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      The Effect of Intensive Treatment of Diabetes on the Development and Progression of Long-Term Complications in Insulin-Dependent Diabetes Mellitus

      New England Journal of Medicine

      Massachusetts Medical Society

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          Abstract

          Long-term microvascular and neurologic complications cause major morbidity and mortality in patients with insulin-dependent diabetes mellitus (IDDM). We examined whether intensive treatment with the goal of maintaining blood glucose concentrations close to the normal range could decrease the frequency and severity of these complications. A total of 1441 patients with IDDM--726 with no retinopathy at base line (the primary-prevention cohort) and 715 with mild retinopathy (the secondary-intervention cohort) were randomly assigned to intensive therapy administered either with an external insulin pump or by three or more daily insulin injections and guided by frequent blood glucose monitoring or to conventional therapy with one or two daily insulin injections. The patients were followed for a mean of 6.5 years, and the appearance and progression of retinopathy and other complications were assessed regularly. In the primary-prevention cohort, intensive therapy reduced the adjusted mean risk for the development of retinopathy by 76 percent (95 percent confidence interval, 62 to 85 percent), as compared with conventional therapy. In the secondary-intervention cohort, intensive therapy slowed the progression of retinopathy by 54 percent (95 percent confidence interval, 39 to 66 percent) and reduced the development of proliferative or severe nonproliferative retinopathy by 47 percent (95 percent confidence interval, 14 to 67 percent). In the two cohorts combined, intensive therapy reduced the occurrence of microalbuminuria (urinary albumin excretion of > or = 40 mg per 24 hours) by 39 percent (95 percent confidence interval, 21 to 52 percent), that of albuminuria (urinary albumin excretion of > or = 300 mg per 24 hours) by 54 percent (95 percent confidence interval 19 to 74 percent), and that of clinical neuropathy by 60 percent (95 percent confidence interval, 38 to 74 percent). The chief adverse event associated with intensive therapy was a two-to-threefold increase in severe hypoglycemia. Intensive therapy effectively delays the onset and slows the progression of diabetic retinopathy, nephropathy, and neuropathy in patients with IDDM.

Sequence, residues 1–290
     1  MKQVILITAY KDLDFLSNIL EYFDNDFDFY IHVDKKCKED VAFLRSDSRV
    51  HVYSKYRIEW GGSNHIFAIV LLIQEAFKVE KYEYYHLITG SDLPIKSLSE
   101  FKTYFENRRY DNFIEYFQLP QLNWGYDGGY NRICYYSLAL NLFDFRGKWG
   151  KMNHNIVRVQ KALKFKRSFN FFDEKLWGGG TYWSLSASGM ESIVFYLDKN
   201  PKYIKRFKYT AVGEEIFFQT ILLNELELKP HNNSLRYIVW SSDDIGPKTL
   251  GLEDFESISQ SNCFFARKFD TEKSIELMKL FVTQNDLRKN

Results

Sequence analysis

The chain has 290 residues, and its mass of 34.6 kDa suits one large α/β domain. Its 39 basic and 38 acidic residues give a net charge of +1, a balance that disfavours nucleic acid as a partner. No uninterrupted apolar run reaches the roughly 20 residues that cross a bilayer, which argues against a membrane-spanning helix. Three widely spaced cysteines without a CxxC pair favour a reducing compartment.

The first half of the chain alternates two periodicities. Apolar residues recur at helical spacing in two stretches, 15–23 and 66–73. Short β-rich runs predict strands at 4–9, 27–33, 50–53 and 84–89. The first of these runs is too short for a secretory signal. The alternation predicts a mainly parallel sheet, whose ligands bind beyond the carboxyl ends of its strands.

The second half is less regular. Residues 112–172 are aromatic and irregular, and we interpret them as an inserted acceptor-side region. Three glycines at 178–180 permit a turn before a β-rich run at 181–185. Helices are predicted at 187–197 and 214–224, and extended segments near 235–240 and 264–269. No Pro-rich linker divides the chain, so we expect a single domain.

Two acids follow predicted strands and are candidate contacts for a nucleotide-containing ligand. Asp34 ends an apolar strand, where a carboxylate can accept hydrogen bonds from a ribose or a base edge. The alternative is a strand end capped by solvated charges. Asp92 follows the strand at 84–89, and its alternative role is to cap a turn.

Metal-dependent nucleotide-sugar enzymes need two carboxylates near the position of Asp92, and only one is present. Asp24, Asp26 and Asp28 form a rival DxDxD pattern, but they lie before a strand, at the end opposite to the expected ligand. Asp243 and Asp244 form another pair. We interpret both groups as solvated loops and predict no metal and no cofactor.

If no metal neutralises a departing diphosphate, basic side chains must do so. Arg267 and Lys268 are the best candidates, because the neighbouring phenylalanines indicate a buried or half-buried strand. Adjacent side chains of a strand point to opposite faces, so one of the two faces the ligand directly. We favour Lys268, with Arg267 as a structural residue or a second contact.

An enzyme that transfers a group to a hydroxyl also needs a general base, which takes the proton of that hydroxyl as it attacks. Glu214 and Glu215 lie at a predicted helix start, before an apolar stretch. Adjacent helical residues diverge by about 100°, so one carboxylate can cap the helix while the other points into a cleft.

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          Most cited references 34

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          Generalized Linear Models

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            The effect of long-term intensified insulin treatment on the development of microvascular complications of diabetes mellitus.

            A cause-and-effect relation between blood glucose concentrations and microvascular complications in patients with insulin-dependent diabetes mellitus has not been established. We randomly assigned 102 patients with insulin-dependent diabetes mellitus, nonproliferative retinopathy, normal serum creatinine concentrations, and unsatisfactory blood glucose control to intensified insulin treatment (48 patients) or standard insulin treatment (54 patients). We then evaluated them for microvascular complications after 18 months and 3, 5, and 7.5 years. Mean (+/- SD) glycosylated hemoglobin values were reduced from 9.5 +/- 1.3 percent to 7.1 +/- 0.7 percent in the group receiving intensified treatment and from 9.4 +/- 1.4 percent to 8.5 +/- 0.7 percent in the group receiving standard treatment (P = 0.001). In 12 of the patients receiving intensified treatment (27 percent of those included in the analysis) and 27 of those receiving standard treatment (52 percent), serious retinopathy requiring photocoagulation developed (P = 0.01). Visual acuity decreased in 6 patients receiving intensified treatment (14 percent) and in 18 receiving standard treatment (35 percent) (P = 0.02). Nephropathy (urinary albumin excretion, > 200 micrograms per minute) developed in one patient in the group receiving intensified treatment, as compared with nine patients in the group receiving standard treatment (P = 0.01). No patient in the intensified-treatment group had nephropathy with subnormal glomerular filtration rates, as compared with six patients in the standard-treatment group (P = 0.02). The conduction velocities of the ulnar, tibial, peroneal, and sural nerves decreased significantly more in the standard-treatment group than in the intensified-treatment group. The odds ratio for serious retinopathy was 0.4 (95 percent confidence interval, 0.2 to 1.0; P = 0.04) in the intensified-treatment group as compared with the standard-treatment group. The corresponding odds ratio for nephropathy was 0.1 (95 percent confidence interval, 0 to 0.8; P = 0.04). Long-term intensified insulin treatment, as compared with standard treatment, retards the development of microvascular complications in patients with insulin-dependent diabetes mellitus.
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              Grading Diabetic Retinopathy from Stereoscopic Color Fundus Photographs—An Extension of the Modified Airlie House Classification

                (1991)
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                Author and article information

                Journal
                New England Journal of Medicine
                N Engl J Med
                Massachusetts Medical Society
                0028-4793
                1533-4406
                September 30 1993
                September 30 1993
                : 329
                : 14
                : 977-986
                Article
                10.1056/NEJM199309303291401
                8366922
                © 1993

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